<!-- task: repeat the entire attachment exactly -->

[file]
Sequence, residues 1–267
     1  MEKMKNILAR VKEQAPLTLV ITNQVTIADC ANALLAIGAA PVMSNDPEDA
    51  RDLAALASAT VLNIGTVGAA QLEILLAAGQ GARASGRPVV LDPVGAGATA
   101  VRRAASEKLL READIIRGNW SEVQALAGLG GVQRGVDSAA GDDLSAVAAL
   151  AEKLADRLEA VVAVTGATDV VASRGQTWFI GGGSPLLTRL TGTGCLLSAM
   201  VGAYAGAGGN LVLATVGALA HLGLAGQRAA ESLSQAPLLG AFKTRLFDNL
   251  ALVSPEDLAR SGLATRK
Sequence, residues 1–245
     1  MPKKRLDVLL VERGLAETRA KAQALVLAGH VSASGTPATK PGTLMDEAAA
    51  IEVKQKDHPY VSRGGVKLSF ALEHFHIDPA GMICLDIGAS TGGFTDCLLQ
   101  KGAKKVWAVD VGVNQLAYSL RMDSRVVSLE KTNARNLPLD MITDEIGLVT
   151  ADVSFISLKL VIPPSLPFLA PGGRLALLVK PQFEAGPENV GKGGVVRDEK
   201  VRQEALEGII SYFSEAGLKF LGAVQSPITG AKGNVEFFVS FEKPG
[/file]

Sequence, residues 1–267
     1  MEKMKNILAR VKEQAPLTLV ITNQVTIADC ANALLAIGAA PVMSNDPEDA
    51  RDLAALASAT VLNIGTVGAA QLEILLAAGQ GARASGRPVV LDPVGAGATA
   101  VRRAASEKLL READIIRGNW SEVQALAGLG GVQRGVDSAA GDDLSAVAAL
   151  AEKLADRLEA VVAVTGATDV VASRGQTWFI GGGSPLLTRL TGTGCLLSAM
   201  VGAYAGAGGN LVLATVGALA HLGLAGQRAA ESLSQAPLLG AFKTRLFDNL
   251  ALVSPEDLAR SGLATRK
Sequence, residues 1–245
     1  MPKKRLDVLL VERGLAETRA KAQALVLAGH VSASGTPATK PGTLMDEAAA
    51  IEVKQKDHPY VSRGGVKLSF ALEHFHIDPA GMICLDIGAS TGGFTDCLLQ
   101  KGAKKVWAVD VGVNQLAYSL RMDSRVVSLE KTNARNLPLD MITDEIGLVT
   151  ADVSFISLKL VIPPSLPFLA PGGRLALLVK PQFEAGPENV GKGGVVRDEK
   201  VRQEALEGII SYFSEAGLKF LGAVQSPITG AKGNVEFFVS FEKPG